What Every Fiction Writer Should Do Before Submitting A Book to an Agent

Author:
Publish date:

If you aspire to write a fiction book and get published the traditional way, you'll need to know what to do before you query an agent. Today's tip comes from Get an Agent, a digital resource meant for any writer who desires to learn more about literary agents and publishing. Here are 10 tips on preparing your fiction book, novel, or short story for submission:

find an agent | book agent

1. Finish your novel or short-story collection. An agent can do nothing for fiction without a finished product.
2. Revise your manuscript. Seek critiques from other writers to ensure your work is as polished as possible.
3. Proofread. Don’t ruin a potential relationship with an agent by submitting work that contains typos or poor grammar.
4. Publish short stories or novel excerpts in literary journals, which will prove to prospective agents that editors see quality in your writing.
5. Research to find the agents or writers whose works you admire or are similar to yours.
6. Use the Internet and resources like Guide to Literary Agents to construct a list of agents who are open to new writers and looking for your category of fiction.
7. Rank your list according to the agents most suitable for you and your work.
8. Write your novel synopsis.
9. Write your query letter. As an agent’s first impression of you, this brief letter should be polished and to the point.
10. Educate yourself about the business of agents so you will be prepared to act on any offer.

Download Get an Agent now!

What Is a Professional Editor and Why Should Writers Use One?

What Is a Professional Editor and Why Should Writers Use One?

Editor is a very broad term in the publishing industry that can mean a variety of things. Tiffany Yates Martin reveals what a professional editor is and why writers should consider using one.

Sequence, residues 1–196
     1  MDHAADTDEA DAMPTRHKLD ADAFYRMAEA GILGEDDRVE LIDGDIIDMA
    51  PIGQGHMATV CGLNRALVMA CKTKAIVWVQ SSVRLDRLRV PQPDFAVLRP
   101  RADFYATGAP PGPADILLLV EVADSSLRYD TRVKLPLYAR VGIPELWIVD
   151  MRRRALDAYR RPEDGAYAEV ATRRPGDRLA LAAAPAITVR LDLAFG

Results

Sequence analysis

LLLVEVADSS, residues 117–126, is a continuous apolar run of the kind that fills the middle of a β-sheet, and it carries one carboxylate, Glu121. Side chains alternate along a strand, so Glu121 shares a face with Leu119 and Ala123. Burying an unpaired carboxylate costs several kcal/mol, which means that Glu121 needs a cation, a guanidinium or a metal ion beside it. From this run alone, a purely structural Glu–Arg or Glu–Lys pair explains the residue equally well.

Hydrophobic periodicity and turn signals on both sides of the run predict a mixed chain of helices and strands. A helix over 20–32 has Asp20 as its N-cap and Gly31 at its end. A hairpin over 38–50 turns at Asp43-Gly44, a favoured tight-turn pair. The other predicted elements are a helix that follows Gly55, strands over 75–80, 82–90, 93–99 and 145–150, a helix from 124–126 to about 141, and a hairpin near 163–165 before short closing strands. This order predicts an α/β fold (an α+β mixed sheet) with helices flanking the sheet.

From Script

How to Find the Right Reader for Feedback, Writing Female Characters and Tapping into Emotionally Authentic Characters (From Script)

In this week’s round up brought to us by Script Magazine, read film reviews from Tom Stemple, part three of writing female characters, interviews with Free Guy scribes Zak Penn and Matt Lieberman, The Eyes of Tammy Faye screenwriter Abe Sylvia, and more!

Writing Mistakes Writers Make: Chasing Trends

Writing Mistakes Writers Make: Chasing Trends

The Writer's Digest team has witnessed many writing mistakes over the years, so this series helps identify them for other writers (along with correction strategies). This week's writing mistake is chasing trends in writing and publishing.

Lessons Learned From Self-Publishing My Picture Book

Lessons Learned From Self-Publishing My Picture Book

Author Dawn Secord shares her journey toward self-publishing a picture book featuring her Irish Setter named Bling.

Poetic Forms

Crown of Sonnets: Poetic Forms

Poetic Form Fridays are made to share various poetic forms. This week, we look at the crown of sonnets, a form that brings together seven sonnets in a special way.

25 Ways Reflective Writing Can Help You Grow as a Writer (and as a Person)

25 Ways Reflective Writing Can Help You Grow as a Writer (And as a Person)

Reflective writing—or journaling—is a helpful practice in helping understand ourselves, and by extensions, the stories we intend to write. Author Jeanne Baker Guy offers 25 ways reflective writing can help you grow as a writer (and as a person).

Plot Twist Story Prompts: Being Followed

Plot Twist Story Prompts: Being Followed

Every good story needs a nice (or not so nice) turn or two to keep it interesting. This week, let your character know they're being followed.

Amanda Jayatissa: On Spiraling Out in Suspense

Amanda Jayatissa: On Spiraling Out in Suspense

Author Amanda Jayatissa discusses the fun of writing "deliciously mean" characters in her psychological thriller, My Sweet Girl.

3 Tips for Writing a Memoir Everyone Wants to Read

3 Tips for Writing a Memoir Everyone Wants to Read

A memoir is an open window into another's life—and although the truth is of paramount importance, so too is grabbing hold of its reader. Writer Tasha Keeble offers 3 tips for writing a memoir everyone will want to read.